In the next several pages of the letter (four pages, as they are formatted in A Means to Freedom) HPL does not directly rebut any of REH's arguments, but develops and defends his argument for the universal and quasi-absolute value of human development (being careful to distinguish this from a cosmic or sacred value). His argument is subtle and abstract, and he restates his main point numerous times in different ways until he finally arrives (halfway through his argument) at a more succinct thesis: "Human valuation of high development is universal" (664). Acknowledging his repetition, he explains that it is necessary because REH challenges the basis for evaluating everything (665).

In brief, HPL's argument is that societies possess parallel sets of values. Some of these are relative to a given set of conditions; others are more absolute, because they have to do with the physical welfare of the race. Together these values aim at the survival, welfare, and functioning of society. Through these values a universal feeling can be observed, that becomes a separate value parallel to the others: the desirability of advancement. Because of the universality of this value for advancement, national policy should encourage aesthetic and intellectual development, which is the highest expression of this development.

HPL labors to demonstrate that this position entails no elitism or depreciation of sturdier qualities that REH holds to be paramount; these sturdier virtues support the survival, welfare, and integrity of society, parallel with the ultimate value of advancement, which gives society its purpose. He draws an analogy to a Gothic cathedral. The "sturdier" values are like the foundation stones and buttresses, while intellect and aesthetic sensitivity are like its towers, traceries, and rose windows, which represent the "emotional exaltation" which was its purpose for being built (666).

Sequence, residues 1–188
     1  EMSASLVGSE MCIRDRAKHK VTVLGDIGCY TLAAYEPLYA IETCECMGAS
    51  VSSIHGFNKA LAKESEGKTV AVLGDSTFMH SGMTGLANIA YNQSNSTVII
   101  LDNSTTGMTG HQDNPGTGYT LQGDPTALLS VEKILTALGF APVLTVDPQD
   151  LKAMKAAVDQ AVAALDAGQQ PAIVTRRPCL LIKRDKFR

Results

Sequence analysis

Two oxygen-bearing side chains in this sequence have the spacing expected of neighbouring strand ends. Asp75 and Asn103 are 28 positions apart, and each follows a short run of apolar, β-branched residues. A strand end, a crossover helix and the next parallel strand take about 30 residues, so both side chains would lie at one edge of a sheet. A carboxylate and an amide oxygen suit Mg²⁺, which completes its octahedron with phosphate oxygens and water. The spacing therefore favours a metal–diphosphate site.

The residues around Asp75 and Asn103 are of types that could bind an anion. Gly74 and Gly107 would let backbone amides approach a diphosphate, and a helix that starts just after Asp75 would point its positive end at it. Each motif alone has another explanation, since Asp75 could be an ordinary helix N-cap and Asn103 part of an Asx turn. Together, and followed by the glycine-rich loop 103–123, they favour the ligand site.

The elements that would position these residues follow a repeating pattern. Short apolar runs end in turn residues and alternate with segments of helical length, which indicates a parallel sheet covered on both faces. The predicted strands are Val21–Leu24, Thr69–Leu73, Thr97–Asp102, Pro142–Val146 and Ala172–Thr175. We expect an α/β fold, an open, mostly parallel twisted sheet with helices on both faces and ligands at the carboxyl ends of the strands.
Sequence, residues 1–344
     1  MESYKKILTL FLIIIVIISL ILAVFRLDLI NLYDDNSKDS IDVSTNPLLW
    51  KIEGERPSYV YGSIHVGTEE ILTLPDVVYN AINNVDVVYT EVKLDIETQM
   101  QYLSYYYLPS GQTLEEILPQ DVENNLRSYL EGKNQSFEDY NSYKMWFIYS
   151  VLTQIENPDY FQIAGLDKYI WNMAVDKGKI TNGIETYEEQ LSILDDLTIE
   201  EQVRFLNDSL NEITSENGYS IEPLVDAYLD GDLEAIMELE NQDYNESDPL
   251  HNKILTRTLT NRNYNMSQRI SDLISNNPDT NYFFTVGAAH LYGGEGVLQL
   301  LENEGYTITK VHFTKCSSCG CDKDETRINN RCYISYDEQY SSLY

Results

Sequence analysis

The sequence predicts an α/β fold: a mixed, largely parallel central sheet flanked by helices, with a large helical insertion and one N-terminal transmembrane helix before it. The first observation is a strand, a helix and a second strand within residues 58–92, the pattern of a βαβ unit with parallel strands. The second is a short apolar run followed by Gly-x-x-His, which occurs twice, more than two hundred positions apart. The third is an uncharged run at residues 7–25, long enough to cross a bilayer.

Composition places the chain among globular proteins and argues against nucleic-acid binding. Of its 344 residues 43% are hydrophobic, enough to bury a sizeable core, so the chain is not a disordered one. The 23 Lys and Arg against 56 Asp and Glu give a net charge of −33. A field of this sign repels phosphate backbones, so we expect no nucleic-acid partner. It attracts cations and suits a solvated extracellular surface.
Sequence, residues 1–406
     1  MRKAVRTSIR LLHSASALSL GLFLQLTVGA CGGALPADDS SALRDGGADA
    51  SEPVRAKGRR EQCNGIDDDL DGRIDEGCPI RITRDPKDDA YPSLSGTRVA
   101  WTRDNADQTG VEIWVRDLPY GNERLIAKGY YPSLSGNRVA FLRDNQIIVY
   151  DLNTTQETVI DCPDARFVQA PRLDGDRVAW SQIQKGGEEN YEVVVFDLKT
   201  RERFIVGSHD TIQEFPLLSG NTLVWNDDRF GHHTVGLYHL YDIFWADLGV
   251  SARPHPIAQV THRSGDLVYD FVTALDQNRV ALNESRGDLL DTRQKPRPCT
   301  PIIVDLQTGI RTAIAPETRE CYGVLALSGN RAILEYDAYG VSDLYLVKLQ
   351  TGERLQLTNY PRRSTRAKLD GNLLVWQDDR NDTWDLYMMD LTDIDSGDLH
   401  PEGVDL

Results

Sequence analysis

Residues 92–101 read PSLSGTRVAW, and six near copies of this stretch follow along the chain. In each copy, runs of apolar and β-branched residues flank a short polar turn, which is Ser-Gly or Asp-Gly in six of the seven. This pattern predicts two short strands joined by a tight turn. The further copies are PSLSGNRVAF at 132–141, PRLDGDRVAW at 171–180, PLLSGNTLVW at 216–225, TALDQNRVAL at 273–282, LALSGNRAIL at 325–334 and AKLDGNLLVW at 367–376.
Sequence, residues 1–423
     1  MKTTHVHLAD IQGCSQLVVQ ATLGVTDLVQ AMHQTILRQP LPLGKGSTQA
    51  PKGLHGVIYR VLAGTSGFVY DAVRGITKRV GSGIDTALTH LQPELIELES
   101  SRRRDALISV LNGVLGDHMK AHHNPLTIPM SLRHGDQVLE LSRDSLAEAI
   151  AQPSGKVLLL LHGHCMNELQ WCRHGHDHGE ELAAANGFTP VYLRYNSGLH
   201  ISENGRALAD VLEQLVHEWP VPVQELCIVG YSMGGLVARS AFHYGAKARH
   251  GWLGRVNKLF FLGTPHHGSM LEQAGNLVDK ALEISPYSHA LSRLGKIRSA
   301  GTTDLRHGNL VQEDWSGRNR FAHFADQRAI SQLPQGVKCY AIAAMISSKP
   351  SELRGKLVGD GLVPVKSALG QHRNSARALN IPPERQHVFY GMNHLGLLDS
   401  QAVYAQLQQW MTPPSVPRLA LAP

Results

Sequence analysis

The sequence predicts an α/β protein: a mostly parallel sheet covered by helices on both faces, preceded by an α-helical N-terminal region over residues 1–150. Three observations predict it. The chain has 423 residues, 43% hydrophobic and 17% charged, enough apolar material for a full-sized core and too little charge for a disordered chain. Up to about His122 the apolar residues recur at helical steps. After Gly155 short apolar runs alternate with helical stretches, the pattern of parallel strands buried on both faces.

Gothic Cathedral
As a final point of clarification, HPL agrees in principle with REH, that "Art is merely one of several manifestations of the highest stage of development" (666-7). Development, itself, is general and includes many different types of activities and occupations. For instance, scientists are just as exalted as artists. Also executives and administrators are essentially scientists in their own fields. Even great military leaders occupy the edges of this class (666). With this point HPL hopes to make clear to REH that he never intended to exalt art (as a profession) as the sole instance of human development, and he supports the sincere pursuit of any "line of effort."

Sunday, November 8, 2015

Barbarism and Civilization in the Letters of REH and HPL (Part 5) by David Piske

At the present point of the epistolary debate between Robert E. Howard and H.P. Lovecraft (just over a year in), the direct arguments about barbarism and civilization have become dwarfed by their debates on a wide range of other issues, most of which are related to the original disagreement. This was inevitable since the concept of barbarism for Howard, and of civilization for Lovecraft represent a broader set of values and ideals. In the interest of thoroughness, our summary and analysis of the debate has broadened, taking a look at many (but by no means all) of these other topics. In addition to a debate of ideas, in these letters we also see both men's personality on display, for better and worse. Already in the last several letters, tempers have flared and seeming cooled. And in the two letters in view here, we see REH adopting the role of the iconoclast, smashing HPL's idols, while HPL labors to establish a common framework by which to determine meaning. Despite the civil and apparently genuinely friendly conversations about each other's writings and personal lives, on the topics of their controversy, resentment has crept it and seems colors many of the arguments.

Letter 87: REH to HPL (ca. September 1933)